For Abba Estiganous, bishop of Beba, religion is behind the murder of "martyr" Sam'an Shehata. His murderer, Mohamed Sonbaty, attacked his own relatives in the past and set fire to their home. For neighbours, he is a known radical. The Catholic Church shares the pain and offers prayers.
Cairo (AsiaNews) – The killer of Saman Shehata, a Coptic Orthodox priest stabbed to death last Thursday, is well known to law enforcement. His name is Mohamed Sonbaty, said Abba Estiganous, Bishop of Beba, in a statement released today on the priest's "martyrdom".
The lethal attack appears to be religious in motivation. According to preliminary information, the murderer is a Muslim extremist who attacked his own relatives in the past.
Emotions are still running high in Egypt following the slaying of the Coptic priest in an area on the outskirts of the Egyptian capital. A video has appeared on social media showing the suspect chasing the victim before striking at him several times in the face and body.
The Orthodox Coptic Church in Egypt has already called Saman Shehata a "martyr" killed in "hatred of the faith" and has appealed to government authorities to change "the culture of a nation poisoned by extremism."
The funeral was held last Friday, the day after the murder, in Beni Suef, the capital of the homonymous governorate, about 115 km south of Cairo. The local community, priests and many believers attended the burial ceremony.
The Egyptian Catholic Church also joined the mourning that once again struck the Coptic minority.
In a note sent to AsiaNews, Church spokesman Fr Rafic Greiche expressed "sorrow" and "closeness" to the "martyr", noting that the entire Catholic community will pray for his family and "for peace" in the country.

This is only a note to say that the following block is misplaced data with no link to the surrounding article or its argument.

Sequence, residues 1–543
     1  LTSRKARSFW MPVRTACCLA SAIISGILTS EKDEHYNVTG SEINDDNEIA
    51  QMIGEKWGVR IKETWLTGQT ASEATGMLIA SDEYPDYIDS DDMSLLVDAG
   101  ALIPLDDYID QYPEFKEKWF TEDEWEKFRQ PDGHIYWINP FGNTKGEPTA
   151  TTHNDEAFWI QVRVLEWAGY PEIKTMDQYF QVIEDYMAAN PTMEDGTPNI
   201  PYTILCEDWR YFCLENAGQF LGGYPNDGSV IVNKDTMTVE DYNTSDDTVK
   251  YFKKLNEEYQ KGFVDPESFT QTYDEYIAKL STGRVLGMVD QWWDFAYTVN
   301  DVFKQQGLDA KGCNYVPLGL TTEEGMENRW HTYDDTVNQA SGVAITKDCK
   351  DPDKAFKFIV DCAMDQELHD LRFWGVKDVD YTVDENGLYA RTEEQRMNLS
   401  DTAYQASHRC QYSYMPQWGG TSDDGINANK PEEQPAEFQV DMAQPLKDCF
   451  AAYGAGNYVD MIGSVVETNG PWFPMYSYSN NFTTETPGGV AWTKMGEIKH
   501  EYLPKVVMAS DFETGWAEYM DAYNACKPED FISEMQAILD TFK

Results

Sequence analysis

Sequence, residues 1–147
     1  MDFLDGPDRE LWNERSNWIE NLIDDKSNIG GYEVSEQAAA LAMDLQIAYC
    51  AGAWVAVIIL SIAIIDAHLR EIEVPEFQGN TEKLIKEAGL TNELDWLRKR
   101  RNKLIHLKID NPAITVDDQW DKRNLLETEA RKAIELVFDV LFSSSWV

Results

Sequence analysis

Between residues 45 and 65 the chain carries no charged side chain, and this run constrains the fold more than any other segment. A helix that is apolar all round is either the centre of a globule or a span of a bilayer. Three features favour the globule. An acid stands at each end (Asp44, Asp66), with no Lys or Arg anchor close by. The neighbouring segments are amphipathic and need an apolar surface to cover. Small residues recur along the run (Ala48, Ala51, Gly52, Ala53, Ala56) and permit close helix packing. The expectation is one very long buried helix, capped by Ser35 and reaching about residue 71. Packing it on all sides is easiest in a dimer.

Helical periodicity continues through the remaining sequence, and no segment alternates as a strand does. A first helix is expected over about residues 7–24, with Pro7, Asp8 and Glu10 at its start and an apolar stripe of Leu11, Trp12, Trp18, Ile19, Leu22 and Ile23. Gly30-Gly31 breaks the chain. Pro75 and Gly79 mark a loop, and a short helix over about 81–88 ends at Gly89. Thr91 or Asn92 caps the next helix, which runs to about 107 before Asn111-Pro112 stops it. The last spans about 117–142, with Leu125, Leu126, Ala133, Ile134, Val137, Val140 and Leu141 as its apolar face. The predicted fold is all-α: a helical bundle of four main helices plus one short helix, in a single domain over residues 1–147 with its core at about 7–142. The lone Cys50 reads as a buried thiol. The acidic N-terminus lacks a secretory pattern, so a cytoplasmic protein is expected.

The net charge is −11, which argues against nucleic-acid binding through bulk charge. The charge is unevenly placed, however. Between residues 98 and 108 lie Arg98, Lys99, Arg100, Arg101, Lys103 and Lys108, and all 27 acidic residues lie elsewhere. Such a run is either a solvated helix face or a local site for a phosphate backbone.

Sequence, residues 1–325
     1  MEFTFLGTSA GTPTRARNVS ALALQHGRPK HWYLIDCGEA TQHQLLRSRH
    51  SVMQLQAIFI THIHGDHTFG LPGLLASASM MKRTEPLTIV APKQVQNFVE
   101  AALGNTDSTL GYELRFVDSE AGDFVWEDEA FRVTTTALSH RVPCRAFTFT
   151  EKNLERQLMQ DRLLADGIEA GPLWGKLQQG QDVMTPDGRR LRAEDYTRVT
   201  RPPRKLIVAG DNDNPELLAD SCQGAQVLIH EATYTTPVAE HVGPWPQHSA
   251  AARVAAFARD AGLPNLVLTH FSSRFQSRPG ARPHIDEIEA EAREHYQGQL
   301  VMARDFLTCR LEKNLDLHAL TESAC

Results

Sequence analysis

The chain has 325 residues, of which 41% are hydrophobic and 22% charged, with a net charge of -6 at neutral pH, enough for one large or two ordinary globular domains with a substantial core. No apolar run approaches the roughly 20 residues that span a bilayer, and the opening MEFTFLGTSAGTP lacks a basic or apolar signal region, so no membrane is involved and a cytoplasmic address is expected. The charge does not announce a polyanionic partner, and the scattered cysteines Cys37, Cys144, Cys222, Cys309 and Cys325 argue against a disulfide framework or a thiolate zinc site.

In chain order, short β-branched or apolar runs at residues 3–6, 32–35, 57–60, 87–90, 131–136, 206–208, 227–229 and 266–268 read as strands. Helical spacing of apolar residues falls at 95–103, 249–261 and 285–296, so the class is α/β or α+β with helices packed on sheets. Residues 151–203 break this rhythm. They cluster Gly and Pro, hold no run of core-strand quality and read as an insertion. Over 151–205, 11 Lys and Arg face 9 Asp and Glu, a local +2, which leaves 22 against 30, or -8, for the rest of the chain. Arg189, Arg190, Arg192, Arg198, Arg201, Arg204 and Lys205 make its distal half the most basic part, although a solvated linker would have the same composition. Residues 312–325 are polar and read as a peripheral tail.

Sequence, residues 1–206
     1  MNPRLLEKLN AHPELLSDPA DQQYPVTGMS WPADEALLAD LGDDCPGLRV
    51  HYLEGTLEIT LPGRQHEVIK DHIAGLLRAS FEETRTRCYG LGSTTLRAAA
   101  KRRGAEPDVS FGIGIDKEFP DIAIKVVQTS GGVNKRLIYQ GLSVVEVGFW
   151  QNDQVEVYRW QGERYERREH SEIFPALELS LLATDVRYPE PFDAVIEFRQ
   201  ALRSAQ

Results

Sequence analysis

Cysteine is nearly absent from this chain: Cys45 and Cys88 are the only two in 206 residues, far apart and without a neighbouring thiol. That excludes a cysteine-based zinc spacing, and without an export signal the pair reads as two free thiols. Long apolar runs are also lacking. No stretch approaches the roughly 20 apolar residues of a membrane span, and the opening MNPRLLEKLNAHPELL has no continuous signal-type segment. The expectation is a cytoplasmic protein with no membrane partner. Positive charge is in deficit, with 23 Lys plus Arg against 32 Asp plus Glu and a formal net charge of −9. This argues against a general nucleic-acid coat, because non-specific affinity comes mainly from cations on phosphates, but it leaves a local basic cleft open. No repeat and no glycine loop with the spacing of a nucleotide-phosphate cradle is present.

Meanwhile, Mohamed Sonbaty is in prison after a detention order was issued. The latter expires today.
The authorities are checking whether he has links with fundamentalist groups active in Egypt. In the past he had attacked relatives and set fire to their house.
According to statements by some neighbours, who asked for anonymity for fear of retaliation, he is a well-known Islamic radical.
Even Sheikh Shawki Allam, Grand Mufti of Egypt, condemned the attack comparing it to a recent attack that left six security officers dead.
The Muslim leader spoke of "brutal terrorism" that makes no distinction "between military personnel or civilians, or between a Muslim and a Coptic Christian, which demands us to stand as one front against radical terrorist groups that aims to destabilize the nation.”
At the same time, a video on social media shows another Muslim cleric, Sheikh Samir Hashish, saying that those who kill non-Muslims, whom he deems to be infidels, should not punished as severely as those who kill Muslims.
In his view, they shouldn’t be sentenced to death penalty as blood of non-Muslims is not as precious as Muslims.
In recent months, Egypt’s Christian community has been the victim of various of acts of violence, including an attack in May against a bus carrying Christian pilgrims that left dozens of people dead.
Since December, almost a hundred Christians (who represent about 10 per cent of the country’s 90 million) have been killed by Islamic extremists in various incidents, including the attack against churches on Palm Sunday, and the bombing of St. Catherine's Coptic cathedral in Abassiya, Cairo, in December of last year.
All these attacks have been claimed by the Islamic State, which is active in the country.